In New Orleans, that season is the cultural boom that happens every fall, and includes food – music – art – film – second-lines. It doesn’t sound much different than the rest of the year in New Orleans, however, in the fall it is much more focused on the cultural institutions than the festival scene that highlights those same joys the Crescent City abounds with.
A highlight of the season begins tomorrow night, Thursday October 16, 2014, with the kick-off of the 25th Annual New Orleans Film Festival. This years event is VERY impressive. The program book has grown from a couple pages in a now defunct weekly paper to a full color glossy magazine. The four pages of sponsors for parties and events will certainly ensure a good time is had by all.
Opening night is reserved for All-Access passholders only. For those whom are not such committed cinephiles, there are eight days of films, shorts, panels, and more to whet the appetite. The number one film / event on my radar is the closing night. It sounds like it’s hitting on all cylinders. Starting with a special screening of the music documentary The Big Beat. The screening takes place at the historic – newly renovated – Carver Theater located in the very colorful Treme neighborhood.
The film is a chronological history of the musical partnership between New Orleans music legends Fats Domino and Dave Bartholomew. Although some outside of the Big Easy may disagree with the following claim, no one here will: this is the story of the beginning of Rock n’ Roll, and how the music of Domino and Bartholomew contributed to racial integration. The film will take you from the Lower 9th Ward to their chart-topping success.
The closing night after party at the Degas House (as in the house where painter Edgar Degas lived with his cousins in 1872) is sure to be jumping as Ponderosa Stomp keeps the music alive. You never know what unsung rock n’ roll heroes the Stomp will present, just be certain to where you dancing shoes!!
Another major cultural happening this fall is the third international art biennial known as P.3, or Prospect.3 New Orleans. Although P.1 had a real post-Katrina focus, P.3 has committed to stepping away from the aftermath of Katrina. One of the parameters for P.3 is no repeat artists and it will be the first biennial inspired by a literary work, Walker Percy’s The Moviegoer.
Prospect New Orleans will open on October 25 through January 25. The exhibition is so grand that it is very hard to encapsulate here so I will give you a few hints on viewing the 58 artists located at 18 different venues. First I’ll say, take your time; you have three months to savor the modern art presented throughout the city with plenty of receptions, parties, and second-lines.
Opening day in Washington Square Park will be a classic New Orleans affair with food, music, people. Dooky Chase restaurant will be serving lunch, a second-line will ensue, and plenty of artists to mingle with. Two viewing options that caught my attention are P.3 Rides: Seeking in the Faubourg, which is a bike ride that takes you to several P.3 installations as well as a stop for lunch. The other is the partnership with Uber, where the rider will receive a free ride up to a $20.00 value. Historically, some of the Prospect New Orleans installations have been in some very unique and perhaps hard to find locations so let an expert take you there.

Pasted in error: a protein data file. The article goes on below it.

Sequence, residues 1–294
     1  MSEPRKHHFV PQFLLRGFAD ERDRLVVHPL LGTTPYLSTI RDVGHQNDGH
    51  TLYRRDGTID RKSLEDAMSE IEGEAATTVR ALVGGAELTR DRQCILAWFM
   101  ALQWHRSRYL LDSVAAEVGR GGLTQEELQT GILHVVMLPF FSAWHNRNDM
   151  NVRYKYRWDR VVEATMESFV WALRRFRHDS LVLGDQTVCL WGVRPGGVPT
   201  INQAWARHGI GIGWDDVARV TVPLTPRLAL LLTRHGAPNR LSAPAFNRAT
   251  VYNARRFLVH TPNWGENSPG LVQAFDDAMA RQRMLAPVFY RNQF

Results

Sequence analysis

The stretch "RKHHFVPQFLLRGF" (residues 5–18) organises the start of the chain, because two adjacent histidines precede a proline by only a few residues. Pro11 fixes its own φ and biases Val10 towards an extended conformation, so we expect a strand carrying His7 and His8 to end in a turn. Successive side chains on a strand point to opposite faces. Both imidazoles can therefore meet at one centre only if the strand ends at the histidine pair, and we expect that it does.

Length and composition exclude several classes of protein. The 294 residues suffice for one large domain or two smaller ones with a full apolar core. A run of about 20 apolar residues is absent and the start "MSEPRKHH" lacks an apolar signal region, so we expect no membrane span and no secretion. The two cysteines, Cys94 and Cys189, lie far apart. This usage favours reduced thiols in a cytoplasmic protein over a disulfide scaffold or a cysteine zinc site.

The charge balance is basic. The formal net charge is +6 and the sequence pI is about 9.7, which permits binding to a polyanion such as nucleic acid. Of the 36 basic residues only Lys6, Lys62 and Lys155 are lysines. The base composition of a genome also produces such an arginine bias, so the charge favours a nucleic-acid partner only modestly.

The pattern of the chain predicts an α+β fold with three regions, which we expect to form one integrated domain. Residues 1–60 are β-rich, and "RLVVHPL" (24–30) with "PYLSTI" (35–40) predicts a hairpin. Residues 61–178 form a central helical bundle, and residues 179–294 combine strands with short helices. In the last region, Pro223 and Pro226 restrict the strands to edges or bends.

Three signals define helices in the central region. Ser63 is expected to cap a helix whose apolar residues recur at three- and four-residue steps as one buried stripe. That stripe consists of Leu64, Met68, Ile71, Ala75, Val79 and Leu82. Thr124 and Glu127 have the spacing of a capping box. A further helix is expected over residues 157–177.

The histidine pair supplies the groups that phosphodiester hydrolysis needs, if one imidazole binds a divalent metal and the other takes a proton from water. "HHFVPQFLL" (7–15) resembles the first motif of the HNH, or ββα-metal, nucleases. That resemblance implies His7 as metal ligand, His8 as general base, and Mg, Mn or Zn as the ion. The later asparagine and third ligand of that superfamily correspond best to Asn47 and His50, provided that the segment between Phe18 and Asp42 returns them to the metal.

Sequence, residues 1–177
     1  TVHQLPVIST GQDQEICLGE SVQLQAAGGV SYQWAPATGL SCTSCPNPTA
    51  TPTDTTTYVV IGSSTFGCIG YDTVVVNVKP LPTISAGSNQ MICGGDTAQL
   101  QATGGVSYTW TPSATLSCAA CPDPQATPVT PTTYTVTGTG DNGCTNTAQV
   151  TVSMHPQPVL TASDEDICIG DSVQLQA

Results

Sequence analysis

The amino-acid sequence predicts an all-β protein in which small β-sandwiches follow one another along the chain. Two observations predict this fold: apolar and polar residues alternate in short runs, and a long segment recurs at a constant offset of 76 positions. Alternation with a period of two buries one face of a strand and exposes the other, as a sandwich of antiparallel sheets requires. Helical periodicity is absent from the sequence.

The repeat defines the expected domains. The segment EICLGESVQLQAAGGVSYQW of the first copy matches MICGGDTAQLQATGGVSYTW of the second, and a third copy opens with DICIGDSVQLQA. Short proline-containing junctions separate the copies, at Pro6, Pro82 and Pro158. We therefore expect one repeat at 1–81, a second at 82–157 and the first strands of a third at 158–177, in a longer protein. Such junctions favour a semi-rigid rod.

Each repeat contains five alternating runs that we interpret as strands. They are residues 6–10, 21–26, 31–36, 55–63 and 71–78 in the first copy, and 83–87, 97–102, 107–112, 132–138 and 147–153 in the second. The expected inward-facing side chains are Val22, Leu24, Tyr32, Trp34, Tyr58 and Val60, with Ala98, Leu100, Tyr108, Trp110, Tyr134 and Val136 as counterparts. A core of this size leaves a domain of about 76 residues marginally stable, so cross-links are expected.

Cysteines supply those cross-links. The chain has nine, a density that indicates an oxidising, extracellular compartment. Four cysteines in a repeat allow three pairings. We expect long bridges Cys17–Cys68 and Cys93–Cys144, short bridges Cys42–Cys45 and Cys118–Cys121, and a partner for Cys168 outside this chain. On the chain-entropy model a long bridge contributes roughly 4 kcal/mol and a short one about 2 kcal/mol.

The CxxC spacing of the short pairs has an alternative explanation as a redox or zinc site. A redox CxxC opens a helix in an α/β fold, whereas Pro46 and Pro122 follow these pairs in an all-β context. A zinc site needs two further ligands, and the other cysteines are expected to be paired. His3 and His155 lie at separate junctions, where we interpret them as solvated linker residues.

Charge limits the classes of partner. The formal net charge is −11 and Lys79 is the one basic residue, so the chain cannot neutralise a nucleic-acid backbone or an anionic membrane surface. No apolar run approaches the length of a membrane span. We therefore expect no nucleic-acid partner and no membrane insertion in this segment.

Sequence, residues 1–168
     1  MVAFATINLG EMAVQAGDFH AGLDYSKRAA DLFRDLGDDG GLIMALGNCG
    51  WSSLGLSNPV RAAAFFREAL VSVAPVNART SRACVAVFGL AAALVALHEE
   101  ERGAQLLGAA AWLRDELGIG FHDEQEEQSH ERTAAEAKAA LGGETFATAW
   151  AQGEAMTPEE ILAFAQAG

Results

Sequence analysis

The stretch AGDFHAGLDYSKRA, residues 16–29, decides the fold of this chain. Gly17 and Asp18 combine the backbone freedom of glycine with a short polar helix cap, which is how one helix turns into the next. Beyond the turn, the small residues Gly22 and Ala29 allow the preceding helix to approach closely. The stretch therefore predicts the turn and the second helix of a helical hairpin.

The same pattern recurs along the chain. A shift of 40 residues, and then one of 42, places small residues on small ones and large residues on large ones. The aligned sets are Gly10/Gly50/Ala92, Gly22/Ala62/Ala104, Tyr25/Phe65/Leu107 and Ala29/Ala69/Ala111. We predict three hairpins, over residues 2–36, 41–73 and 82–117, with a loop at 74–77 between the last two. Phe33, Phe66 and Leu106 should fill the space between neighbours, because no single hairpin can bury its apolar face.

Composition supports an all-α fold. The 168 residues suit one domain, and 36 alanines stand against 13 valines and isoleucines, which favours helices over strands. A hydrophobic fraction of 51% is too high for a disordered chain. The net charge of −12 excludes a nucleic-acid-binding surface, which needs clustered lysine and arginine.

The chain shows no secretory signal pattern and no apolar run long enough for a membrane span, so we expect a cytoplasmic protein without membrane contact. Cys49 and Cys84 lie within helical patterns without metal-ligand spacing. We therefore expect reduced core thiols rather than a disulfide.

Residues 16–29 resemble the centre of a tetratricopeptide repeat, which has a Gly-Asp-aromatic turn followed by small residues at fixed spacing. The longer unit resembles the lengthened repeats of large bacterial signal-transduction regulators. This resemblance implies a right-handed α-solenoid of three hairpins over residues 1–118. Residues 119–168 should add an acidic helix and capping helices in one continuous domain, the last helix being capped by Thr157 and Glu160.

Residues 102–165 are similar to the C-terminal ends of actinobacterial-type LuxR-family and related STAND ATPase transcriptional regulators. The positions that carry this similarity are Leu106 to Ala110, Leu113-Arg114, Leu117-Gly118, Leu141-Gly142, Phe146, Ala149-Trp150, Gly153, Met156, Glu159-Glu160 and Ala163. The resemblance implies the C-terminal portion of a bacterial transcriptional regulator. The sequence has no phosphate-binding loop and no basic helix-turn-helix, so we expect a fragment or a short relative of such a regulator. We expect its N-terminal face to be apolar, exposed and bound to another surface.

Also of note: the season has opened for all the major presenters of performance art…New Orleans Ballet Association begins their season with the vibrant, athletic style dance of Momix on Friday at the Mahalia Jackson Theater of Performing Arts. The Louisiana Philharmonic opens their jam packed season with Beethoven’s Symphony No. 7 at venues on both the north and south shore. Check out www.lpomusic.org for all the details.
The Broadway series at the Saenger Theater begins in November with Phantom of the Opera. However, I prefer the more intimate and local presentations at the recently renovated Le Petite Theater du Vieux Carre. Their second show of the season, Peter and the Starcatcher, begins next month. Dinner and a show has never been easier with the opening of Dickie Brennan’s Tableau that now shares a courtyard with Le Petite and offers a prix-fixe three course dinner. Tableau guarantees you will be out in time for the 7:30 PM curtain next door.
I would be remiss if I did not mention the burgeoning local theater scene at venues such as The Shadowbox Theatre, Mid-City Theatre, Ashe Cultural Center, Anthony Bean Theater, Allways Theatre, the Marigny Opera House, and more.
Lastly, it’s second-line season, which means you can catch a traditional second-line parade any Sunday at noon. WWOZ radio has an excellent resource in Action Jackson and his Take it to the Streets segments, with an accompanying page on the ‘oz website that has official times and route sheets.
So go out and get your fill of the abundance of art – music – film – food – dance in the Big Easy.
See you out and about.
Every thing lovely,
Out and About is a blog by Leslie Compton of Every Thing Lovely, a special event and creative consulting team, and is sponsored by Key to NOLA Properties, a full service real estate brokerage firm specializing in furnished rental properties in New Orleans, Key to NOLA Properties and Every Thing Lovely have joined forces to provide a full array of services for travelers’ ( and locals’) personal and professional needs while in the Crescent City.